I was sitting on the floor at a self-help workshop, women on one side, men on the other.
As an introduction, the speaker’s assistants gave strict instructions to the 24 of us in the room to sit up straight, pay attention, and use this time and him well. Basically, don’t futz around.
I was comfortably sitting on a zafu cushion and swiftly rearranged myself to a cross-legged position with my back straight, upright, with my attention out, alert, and ready.
The speaker was escorted into the room and sat in a chair in front of all of us sitting on the floor.
He invited participants to share why they signed up, “Why are you here?”
I raised my hand.
When he called on me, I shared vulnerably how my relationship had lost its erotic spark, and we were hoping to learn how to build our polarity again. We loved each other and wanted our sex back.
What happened next shocked me.
It was something like, “Well, look at the way you’re sitting, your shoulders are facing out in a square, you’re not showing the flow of the curves of your body. You’re not relaxed. You’re basically sitting like a man, do you think that’s helping?” This, delivered with patronizing flabbergastion. This, after being instructed to sit that way.
My nervous system got activated. I spent the next long days navigating it. I did not feel safe to say anything about it.
My vigilance was on alert, and I was bracing for another hit the whole weekend. And I generally play full out, so I did my best to engage fully anyway.
A part of me wishes I hadn’t kept quiet to be a good student, but I understand that I went into a bit of a freeze, and that’s why I kept silent.
I learned a lot about the kind of leader, teacher, and guide I wanted to be that night—for example: not the kind that starts a new student off by triggering them.
I also learned that great writers, thinkers, and players of life aren’t necessarily good handlers of people’s sensitive nervous systems.
I left that workshop with life-changing experiences and insights, both positive and negative. I found layers of myself that I hoped and expected to find.
It opened doors and an inquiry for me that I’m still deeply steeped in and passionate about—10 years later.
I also left with strong dogmatic imprints from a leader I respected, that in order to have my desires met, I have to be more feminine and less masculine.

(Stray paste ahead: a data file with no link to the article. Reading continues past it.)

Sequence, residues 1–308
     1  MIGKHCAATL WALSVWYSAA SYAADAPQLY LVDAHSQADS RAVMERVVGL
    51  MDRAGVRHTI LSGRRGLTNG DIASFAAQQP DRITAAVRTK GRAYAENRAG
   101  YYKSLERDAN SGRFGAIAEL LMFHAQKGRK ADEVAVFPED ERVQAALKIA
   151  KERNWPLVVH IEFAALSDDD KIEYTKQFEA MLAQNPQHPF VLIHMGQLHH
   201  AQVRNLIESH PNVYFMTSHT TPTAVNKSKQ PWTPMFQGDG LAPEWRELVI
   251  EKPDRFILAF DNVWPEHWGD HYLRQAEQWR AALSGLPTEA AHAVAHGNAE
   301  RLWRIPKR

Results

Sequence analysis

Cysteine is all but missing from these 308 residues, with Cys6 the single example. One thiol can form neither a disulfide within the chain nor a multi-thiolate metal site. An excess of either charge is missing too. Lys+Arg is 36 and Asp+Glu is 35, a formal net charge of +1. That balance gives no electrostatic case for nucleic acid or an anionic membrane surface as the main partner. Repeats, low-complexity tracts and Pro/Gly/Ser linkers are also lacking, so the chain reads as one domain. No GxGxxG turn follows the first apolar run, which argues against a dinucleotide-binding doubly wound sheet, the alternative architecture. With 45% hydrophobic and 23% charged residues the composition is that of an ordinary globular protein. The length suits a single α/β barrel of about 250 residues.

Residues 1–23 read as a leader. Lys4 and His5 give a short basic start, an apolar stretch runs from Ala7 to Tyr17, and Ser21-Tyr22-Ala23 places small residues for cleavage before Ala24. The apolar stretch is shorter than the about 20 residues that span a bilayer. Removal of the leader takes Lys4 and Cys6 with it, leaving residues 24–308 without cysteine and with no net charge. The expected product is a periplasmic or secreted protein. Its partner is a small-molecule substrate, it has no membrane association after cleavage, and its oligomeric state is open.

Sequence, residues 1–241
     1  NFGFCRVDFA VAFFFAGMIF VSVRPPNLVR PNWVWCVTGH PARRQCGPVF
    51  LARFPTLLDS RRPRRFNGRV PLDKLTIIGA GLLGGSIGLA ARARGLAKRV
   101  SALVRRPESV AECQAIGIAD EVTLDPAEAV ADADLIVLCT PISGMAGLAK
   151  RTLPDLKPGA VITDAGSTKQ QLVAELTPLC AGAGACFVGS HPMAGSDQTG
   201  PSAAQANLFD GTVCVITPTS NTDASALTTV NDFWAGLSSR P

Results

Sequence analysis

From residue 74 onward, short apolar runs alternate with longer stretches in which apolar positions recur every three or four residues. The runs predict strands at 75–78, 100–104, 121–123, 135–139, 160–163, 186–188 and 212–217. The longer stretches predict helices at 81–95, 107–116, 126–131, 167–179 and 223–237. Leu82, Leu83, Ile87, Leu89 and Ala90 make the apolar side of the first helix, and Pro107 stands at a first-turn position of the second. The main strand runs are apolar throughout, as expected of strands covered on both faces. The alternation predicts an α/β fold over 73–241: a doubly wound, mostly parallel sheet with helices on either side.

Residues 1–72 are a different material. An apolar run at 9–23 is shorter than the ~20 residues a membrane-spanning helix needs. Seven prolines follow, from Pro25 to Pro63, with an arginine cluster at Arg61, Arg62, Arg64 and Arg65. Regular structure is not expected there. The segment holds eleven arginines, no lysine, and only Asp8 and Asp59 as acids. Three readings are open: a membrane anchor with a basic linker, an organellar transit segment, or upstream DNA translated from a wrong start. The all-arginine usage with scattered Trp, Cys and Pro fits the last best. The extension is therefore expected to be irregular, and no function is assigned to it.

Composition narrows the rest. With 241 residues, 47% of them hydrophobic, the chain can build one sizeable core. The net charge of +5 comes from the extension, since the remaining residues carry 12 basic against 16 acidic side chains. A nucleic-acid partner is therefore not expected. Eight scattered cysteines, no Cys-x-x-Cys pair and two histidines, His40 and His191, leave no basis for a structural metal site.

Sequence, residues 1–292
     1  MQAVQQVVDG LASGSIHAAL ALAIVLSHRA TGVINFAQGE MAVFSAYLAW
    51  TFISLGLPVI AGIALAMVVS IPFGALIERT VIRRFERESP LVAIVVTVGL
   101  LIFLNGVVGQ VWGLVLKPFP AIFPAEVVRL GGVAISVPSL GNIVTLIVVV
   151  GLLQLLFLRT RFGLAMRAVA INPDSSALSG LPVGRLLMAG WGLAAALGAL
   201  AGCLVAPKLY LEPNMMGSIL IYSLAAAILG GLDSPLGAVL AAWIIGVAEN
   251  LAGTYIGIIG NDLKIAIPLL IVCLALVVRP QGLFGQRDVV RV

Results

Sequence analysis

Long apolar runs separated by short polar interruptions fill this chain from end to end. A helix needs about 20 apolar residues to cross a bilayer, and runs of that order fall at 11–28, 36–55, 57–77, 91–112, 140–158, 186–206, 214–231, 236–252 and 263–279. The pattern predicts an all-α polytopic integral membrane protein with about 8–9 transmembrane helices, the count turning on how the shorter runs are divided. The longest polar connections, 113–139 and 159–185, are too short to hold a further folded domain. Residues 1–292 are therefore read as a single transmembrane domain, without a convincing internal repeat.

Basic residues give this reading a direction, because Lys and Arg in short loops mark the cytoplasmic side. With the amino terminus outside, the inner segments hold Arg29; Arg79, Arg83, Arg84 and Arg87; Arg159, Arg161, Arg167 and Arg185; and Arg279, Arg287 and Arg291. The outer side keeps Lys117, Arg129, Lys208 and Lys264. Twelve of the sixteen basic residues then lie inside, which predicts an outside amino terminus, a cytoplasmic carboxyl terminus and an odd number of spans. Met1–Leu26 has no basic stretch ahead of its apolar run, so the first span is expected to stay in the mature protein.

It took a while (like multiple years) of playing this out for me to discover for myself that, that is a bunch of crap.
Cultivating the embodiment of both my feminine and masculine, in the ways that feel good and resonant to me, is more on the spot.
It’s not about making any aspect wrong, or trying to shift the ratio of how we express and engage our energies with the world, unless we actually desire to.
Enjoy, explore, and be you.
Here are some takeaways in my personal, ongoing inquiry into polarity, relationships, intimacy, and erotic energy:
Polarity and erotic dynamics aren’t as simple as they’re made to seem in the tantra and neotantra worlds.
In the most basic terms, in order for polarity to exist, it’s true that two people choose to occupy opposing poles to create erotic energy—one negative (feminine) and one positive (masculine) create electricity.
And, more importantly:
The erotic intimacy issues couples and partners have don’t usually stem from problems with polarity itself, but with the obstacles in the way of polarity.
>> Trauma: reenacting wounding that is still trapped in your system
>> Desire: the first step is knowing and owning what you like and want
>> Accord: agreements are the foundation for safe play
>> Sexual blueprints (for example, one is kinky and the other is not)
>> Conditioning: I am too much, too little, I should be…you should be…
>> Disowned parts/projection: I source from you rather than from me
>> Codependency: people-pleasing, nice guys, collapse, abandoning self
>> Attachment styles: avoiding, grasping, ghosting, and so on
>> Shame, shame, shame: I am wrong for being me
>> Communication: applying curiosity and deep listening, saying what matters
>> Love languages: giving your partner what feels like love to them
All these obstacles are the things we work on to heal, become whole, cultivate our skills, get our needs met, meet our partner’s needs, and serve the partnership as an entity itself.
Trying to navigate all of this without help leads to struggle, failure, and pain.
If you value relational and erotic intimacy, then reading books, participating in workshops, getting therapy, and hiring a coach are all worthy of significant investment (and, frankly, necessary).